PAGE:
Buzz buzz Earth Rangers! Are you ready to learn more about the unBEElievable world of bumblebees? Today’s lesson is all about their lifecycle, from wee bee babies all the way to grown up queens (and workers and drones of course)! Bumblebees are eusocial, which means they live in a colony of bees working together. Within their colony you’ll find a queen that produces the babies for the nest, workers that find food, care for young, and defend the nest, and drones that help the queen produce more young. Unlike honey bees, bumblebee colonies do not survive for more than 1 year. Instead, the colonies are annual, with queens emerging in the spring and producing new queens that same fall which will create new colonies for the following year.
The life cycle begins in the spring, when it starts to get warm outside and the queen comes out of hibernation. Once she has found a good nest, she begins looking for nectar and pollen. She uses the pollen to make a nest where she lays her first brood of eggs. The queen will raise this first brood of workers alone, incubating them, foraging for food, and defending the nest.
Three days after the queen lays the eggs, they hatch into larvae, who grow very fast, eating up to 1,300 meals a day! After just five days, the cells with the larvae are capped with beeswax, and the larvae spin a cocoon around themselves.
Inside their cocoon, the larvae are now called a pupae. Snuggled up inside the capped cell they begin to develop the features of an adult bee. The eyes, wings, and fine hairs that cover the bees’ body grow. Within just 12 days, development is complete and the adult bee chews its way out of the capped cell.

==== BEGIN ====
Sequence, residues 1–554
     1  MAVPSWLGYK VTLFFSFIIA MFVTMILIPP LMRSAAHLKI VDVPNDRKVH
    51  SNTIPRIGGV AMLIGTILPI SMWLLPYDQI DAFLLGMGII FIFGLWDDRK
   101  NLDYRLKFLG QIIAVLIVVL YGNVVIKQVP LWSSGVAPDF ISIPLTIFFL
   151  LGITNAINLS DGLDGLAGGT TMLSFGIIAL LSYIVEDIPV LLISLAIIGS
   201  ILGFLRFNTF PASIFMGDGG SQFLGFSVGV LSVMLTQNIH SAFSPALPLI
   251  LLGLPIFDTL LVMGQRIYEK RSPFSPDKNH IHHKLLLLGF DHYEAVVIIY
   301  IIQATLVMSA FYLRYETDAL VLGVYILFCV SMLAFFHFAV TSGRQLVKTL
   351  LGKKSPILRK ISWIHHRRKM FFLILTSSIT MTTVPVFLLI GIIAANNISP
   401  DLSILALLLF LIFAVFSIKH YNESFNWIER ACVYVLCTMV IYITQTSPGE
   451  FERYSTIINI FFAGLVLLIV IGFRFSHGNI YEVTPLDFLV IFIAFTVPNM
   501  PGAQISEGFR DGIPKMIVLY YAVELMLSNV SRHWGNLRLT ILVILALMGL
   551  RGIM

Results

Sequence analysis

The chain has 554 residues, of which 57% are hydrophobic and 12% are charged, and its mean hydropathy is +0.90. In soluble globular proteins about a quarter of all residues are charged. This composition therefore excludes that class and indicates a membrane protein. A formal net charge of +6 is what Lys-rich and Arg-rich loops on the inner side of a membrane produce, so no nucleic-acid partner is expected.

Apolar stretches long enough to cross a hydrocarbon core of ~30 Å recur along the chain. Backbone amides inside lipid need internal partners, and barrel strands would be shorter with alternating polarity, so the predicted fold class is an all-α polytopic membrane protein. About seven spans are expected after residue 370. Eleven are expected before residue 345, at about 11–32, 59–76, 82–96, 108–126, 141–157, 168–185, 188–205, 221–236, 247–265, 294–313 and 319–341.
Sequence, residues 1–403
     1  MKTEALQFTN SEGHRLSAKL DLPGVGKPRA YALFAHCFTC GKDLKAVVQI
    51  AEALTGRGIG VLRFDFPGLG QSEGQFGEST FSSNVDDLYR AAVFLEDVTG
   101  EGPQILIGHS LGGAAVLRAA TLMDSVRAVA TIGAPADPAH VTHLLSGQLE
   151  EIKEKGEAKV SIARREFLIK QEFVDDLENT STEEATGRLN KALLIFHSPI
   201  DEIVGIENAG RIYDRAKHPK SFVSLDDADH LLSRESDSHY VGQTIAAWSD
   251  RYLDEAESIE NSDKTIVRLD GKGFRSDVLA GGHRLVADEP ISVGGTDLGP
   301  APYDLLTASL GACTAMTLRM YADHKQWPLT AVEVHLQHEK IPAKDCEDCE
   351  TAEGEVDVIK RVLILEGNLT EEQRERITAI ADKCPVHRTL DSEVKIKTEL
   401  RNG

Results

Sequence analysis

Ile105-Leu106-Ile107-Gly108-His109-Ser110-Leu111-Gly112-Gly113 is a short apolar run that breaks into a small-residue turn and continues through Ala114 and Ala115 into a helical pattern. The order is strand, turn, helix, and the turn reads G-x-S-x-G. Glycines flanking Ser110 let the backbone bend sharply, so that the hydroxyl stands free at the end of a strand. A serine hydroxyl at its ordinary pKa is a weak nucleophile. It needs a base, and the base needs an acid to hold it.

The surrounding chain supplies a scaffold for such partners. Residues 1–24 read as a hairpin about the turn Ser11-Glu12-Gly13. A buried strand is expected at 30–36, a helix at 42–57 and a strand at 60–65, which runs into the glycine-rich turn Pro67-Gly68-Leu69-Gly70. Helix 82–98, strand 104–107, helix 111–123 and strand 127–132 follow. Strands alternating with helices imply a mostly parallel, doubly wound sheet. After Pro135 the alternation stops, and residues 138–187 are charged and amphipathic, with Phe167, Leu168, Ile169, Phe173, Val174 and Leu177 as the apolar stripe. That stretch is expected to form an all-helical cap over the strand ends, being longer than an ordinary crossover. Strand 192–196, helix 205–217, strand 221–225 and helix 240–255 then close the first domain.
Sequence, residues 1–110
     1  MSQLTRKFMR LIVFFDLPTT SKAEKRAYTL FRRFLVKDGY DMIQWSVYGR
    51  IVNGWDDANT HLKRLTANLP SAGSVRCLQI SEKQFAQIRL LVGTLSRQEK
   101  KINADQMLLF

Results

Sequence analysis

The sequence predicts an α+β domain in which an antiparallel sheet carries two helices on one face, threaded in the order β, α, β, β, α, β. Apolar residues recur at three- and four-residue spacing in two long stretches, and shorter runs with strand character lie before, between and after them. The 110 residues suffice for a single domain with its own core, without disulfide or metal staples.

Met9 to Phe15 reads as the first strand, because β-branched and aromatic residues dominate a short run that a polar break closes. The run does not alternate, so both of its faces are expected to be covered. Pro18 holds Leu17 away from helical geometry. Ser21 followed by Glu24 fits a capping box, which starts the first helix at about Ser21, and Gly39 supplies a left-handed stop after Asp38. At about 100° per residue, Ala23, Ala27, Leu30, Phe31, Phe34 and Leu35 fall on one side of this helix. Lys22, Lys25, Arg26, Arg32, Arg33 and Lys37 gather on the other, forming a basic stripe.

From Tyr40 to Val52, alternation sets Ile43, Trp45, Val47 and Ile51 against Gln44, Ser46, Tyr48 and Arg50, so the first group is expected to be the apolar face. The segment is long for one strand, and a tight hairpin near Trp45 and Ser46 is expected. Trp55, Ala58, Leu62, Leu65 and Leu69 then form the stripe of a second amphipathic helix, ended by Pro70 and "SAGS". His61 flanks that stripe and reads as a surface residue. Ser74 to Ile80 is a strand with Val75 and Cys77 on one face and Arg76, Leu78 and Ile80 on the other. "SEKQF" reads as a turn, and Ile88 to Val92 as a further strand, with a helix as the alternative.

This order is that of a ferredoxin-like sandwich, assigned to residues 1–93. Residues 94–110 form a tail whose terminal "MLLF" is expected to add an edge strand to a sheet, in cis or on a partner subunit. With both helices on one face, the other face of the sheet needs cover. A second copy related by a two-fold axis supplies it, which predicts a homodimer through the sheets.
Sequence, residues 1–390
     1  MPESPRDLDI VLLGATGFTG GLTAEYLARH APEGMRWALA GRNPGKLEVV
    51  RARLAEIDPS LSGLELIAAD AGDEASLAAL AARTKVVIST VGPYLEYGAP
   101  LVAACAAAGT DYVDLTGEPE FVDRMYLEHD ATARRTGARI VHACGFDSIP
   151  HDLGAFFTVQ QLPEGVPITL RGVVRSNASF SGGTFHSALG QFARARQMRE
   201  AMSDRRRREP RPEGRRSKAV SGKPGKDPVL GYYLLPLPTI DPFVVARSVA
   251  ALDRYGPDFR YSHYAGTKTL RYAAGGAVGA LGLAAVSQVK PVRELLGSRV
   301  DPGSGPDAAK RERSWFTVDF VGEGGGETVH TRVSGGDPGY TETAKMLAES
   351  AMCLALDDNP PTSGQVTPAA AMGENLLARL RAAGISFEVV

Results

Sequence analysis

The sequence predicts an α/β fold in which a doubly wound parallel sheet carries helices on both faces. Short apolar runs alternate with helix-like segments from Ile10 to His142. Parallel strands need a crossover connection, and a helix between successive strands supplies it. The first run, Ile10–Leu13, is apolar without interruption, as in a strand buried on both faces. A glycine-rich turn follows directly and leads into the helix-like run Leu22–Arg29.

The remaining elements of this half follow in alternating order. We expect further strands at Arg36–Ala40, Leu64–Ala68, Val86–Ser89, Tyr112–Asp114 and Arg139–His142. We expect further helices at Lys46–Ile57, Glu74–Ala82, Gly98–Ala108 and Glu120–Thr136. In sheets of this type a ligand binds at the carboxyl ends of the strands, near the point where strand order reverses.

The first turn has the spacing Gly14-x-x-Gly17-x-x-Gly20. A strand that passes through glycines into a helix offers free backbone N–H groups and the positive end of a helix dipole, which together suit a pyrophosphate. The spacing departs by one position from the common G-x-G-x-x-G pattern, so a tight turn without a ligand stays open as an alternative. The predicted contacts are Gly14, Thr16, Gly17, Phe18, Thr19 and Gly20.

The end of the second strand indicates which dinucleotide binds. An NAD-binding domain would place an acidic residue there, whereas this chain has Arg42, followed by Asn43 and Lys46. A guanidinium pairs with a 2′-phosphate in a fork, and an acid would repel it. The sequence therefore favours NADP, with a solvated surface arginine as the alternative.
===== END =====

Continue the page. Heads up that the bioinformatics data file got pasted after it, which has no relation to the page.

Once the first batch of worker bees hatch, the queen will no longer need to leave the hive. Instead, she will continue to lay eggs and organize the actions of her workers. She’s a real boss bee now! The workers continue to carry out work both inside and outside the hive, like cleaning, raising larvae, foraging for food, and defending the nest.
In the late summer, the queen begins producing eggs that are not workers. She lays eggs which will develop into new queens for the following year, as well as males (drones) to help the colony reproduce.
After the new batch of queens have hatched and mated, they eat as much as they possibly can, storing the energy as fat so they are able to hibernate during the long winter. The original queen and nest naturally come to an end in the early fall, and only the new queens survive by hibernating underground. Next year, the process starts all over again, with the new queens emerging and starting their own hive!